Editorial 

History teaches us to look ahead

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If the Canada Day weekend didn’t fill tourism officials’ hearts with glee, and merchants’ coffers with lucre, maybe they’re in the wrong business.

From Friday evening’s ArtWalk opening reception, through the Red Bull Elevation BMX event and the outdoor concert, the long weekend was packed with activities and people. The weather co-operated, for most of the weekend, and people were generally well behaved. Drivers went with the flow and the highway remained free of accidents.

It was, from a business point of view, a great start to summer. It follows on a great winter that, from business and weather perspectives, seemed to carry on far longer than usual. And the winter followed last year’s record summer, when the sun kept shining and the people kept coming.

It’s a run of business success that many feel Whistler deserves after the steady nosedive of the first four years of the new millennium. That now seems like a long time ago.

But it was just four years ago this week, on July 2, 2003, that Whistler and Vancouver were awarded the 2010 Olympics. In the moments after the announcement Whistler-Blackcomb’s Doug Forseth said: “I think this is going to be the catalyst that's going to get our economy moving again. I think this is so valuable in many ways, not just sports — sports are critical — but business in general, and culture. The whole attitude of the province is going to be up, it's going to be positive.”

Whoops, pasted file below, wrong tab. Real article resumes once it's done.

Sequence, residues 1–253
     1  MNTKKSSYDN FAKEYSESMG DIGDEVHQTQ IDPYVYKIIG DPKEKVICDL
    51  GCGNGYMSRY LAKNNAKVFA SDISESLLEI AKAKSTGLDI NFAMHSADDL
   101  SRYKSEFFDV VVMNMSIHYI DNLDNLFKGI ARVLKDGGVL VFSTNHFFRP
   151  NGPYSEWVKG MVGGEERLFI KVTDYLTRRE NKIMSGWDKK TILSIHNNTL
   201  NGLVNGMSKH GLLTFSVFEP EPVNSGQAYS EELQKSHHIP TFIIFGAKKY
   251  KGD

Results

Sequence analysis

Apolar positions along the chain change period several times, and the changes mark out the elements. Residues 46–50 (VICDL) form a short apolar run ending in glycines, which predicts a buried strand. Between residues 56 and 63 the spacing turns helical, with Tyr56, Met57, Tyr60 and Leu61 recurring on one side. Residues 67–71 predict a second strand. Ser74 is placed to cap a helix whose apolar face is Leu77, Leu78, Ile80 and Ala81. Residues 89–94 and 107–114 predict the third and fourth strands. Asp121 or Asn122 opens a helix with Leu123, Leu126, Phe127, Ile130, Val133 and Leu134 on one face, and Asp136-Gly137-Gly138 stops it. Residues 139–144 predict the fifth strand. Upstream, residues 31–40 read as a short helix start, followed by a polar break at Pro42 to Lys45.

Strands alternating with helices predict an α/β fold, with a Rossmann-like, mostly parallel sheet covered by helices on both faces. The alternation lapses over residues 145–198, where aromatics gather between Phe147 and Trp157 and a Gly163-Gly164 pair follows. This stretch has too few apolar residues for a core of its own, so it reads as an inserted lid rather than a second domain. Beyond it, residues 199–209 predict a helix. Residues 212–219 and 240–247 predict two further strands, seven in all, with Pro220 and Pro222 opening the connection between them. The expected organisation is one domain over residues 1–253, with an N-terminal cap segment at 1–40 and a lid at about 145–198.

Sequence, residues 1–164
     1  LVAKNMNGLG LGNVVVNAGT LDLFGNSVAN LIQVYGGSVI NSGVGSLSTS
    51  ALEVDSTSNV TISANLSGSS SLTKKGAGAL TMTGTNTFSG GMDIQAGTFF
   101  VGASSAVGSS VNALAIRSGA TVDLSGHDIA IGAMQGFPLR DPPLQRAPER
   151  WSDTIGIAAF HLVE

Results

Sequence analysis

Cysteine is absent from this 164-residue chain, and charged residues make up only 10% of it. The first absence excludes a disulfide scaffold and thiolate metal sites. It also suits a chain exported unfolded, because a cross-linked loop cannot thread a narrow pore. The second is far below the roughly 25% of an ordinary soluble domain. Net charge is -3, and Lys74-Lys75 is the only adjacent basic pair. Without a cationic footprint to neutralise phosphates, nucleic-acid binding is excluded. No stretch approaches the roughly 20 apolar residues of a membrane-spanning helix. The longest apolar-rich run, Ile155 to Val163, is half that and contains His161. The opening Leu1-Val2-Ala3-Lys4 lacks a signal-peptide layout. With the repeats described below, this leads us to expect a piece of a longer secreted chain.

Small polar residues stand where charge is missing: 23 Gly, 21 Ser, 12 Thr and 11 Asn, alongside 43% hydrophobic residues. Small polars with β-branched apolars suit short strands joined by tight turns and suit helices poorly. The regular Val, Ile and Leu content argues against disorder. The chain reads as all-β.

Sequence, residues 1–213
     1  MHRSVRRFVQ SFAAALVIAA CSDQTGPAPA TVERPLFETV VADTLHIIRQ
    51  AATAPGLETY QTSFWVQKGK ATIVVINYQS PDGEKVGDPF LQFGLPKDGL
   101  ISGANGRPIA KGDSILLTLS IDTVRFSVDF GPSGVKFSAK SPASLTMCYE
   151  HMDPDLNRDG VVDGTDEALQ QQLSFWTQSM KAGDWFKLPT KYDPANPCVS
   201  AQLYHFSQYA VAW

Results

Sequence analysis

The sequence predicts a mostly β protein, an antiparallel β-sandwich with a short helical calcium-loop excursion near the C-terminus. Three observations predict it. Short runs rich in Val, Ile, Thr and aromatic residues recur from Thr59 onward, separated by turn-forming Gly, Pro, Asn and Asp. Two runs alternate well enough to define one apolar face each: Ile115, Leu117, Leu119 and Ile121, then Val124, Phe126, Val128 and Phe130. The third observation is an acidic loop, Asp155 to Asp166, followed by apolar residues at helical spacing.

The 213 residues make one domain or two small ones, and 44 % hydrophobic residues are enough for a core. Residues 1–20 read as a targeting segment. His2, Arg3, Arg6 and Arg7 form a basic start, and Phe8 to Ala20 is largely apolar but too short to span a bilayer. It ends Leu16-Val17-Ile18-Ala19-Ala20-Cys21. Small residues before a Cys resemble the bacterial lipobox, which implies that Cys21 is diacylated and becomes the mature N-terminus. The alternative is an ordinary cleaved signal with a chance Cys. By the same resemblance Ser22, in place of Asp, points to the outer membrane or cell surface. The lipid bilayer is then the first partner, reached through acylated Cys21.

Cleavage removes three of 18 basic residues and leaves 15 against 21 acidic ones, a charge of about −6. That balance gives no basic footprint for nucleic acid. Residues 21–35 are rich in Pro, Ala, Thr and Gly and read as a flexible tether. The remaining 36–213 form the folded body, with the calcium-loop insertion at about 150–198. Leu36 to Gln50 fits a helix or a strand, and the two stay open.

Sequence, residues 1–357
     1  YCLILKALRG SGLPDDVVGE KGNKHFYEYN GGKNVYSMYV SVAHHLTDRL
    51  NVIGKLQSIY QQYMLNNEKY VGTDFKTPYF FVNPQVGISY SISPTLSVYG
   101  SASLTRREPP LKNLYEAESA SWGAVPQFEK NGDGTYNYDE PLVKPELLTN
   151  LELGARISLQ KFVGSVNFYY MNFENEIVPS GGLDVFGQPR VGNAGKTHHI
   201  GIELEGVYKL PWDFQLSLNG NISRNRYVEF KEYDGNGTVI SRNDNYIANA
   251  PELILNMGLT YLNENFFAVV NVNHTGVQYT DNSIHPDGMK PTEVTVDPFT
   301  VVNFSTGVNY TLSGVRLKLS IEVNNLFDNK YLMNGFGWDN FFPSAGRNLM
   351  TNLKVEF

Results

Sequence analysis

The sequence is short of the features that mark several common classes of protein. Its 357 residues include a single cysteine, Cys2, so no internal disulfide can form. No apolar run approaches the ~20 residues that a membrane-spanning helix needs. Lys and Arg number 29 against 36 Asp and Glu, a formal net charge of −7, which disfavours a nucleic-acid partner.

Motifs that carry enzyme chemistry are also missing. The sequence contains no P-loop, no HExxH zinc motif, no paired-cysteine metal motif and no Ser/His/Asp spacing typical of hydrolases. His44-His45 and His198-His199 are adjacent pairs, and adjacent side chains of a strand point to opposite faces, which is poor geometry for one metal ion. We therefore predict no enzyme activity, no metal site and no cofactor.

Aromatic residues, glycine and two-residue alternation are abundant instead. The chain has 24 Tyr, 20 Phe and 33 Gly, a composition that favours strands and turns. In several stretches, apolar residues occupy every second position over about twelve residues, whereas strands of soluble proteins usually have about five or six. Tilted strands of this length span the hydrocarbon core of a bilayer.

Today, it seems almost quaint to think that the economy would be anything except booming. The point here is not that preparations for the Olympics have turned the economy around, it’s more complicated than that, but that four years ago people were talking about the economy needing turning around.

Even two summers ago, business owners in the village were desperate for someone to pay attention to their plight. A meeting on village enhancement in the spring of 2005 turned into a forum on where the Paralympic arena should be built and how much more in taxes business people were willing to pay if the facility brought more customers to the village.

The village arena, of course, was eventually moved to the village of Vancouver, but it was the catalyst for some serious debate about the state of Whistler’s economy.

Since then, business has grown almost steadily — to the point where a shortage of labour is a bigger concern than a shortage of customers. That’s a sizeable shift in priorities in a relatively short period of time. It suggests several things, including: Whistler’s economic model is fundamentally sound, but needs constant attention; that many people overseeing the business side of Whistler have been paying attention; that snow in winter and sun in summer makes everyone look smart; that things could again drop off very quickly if we lose focus.

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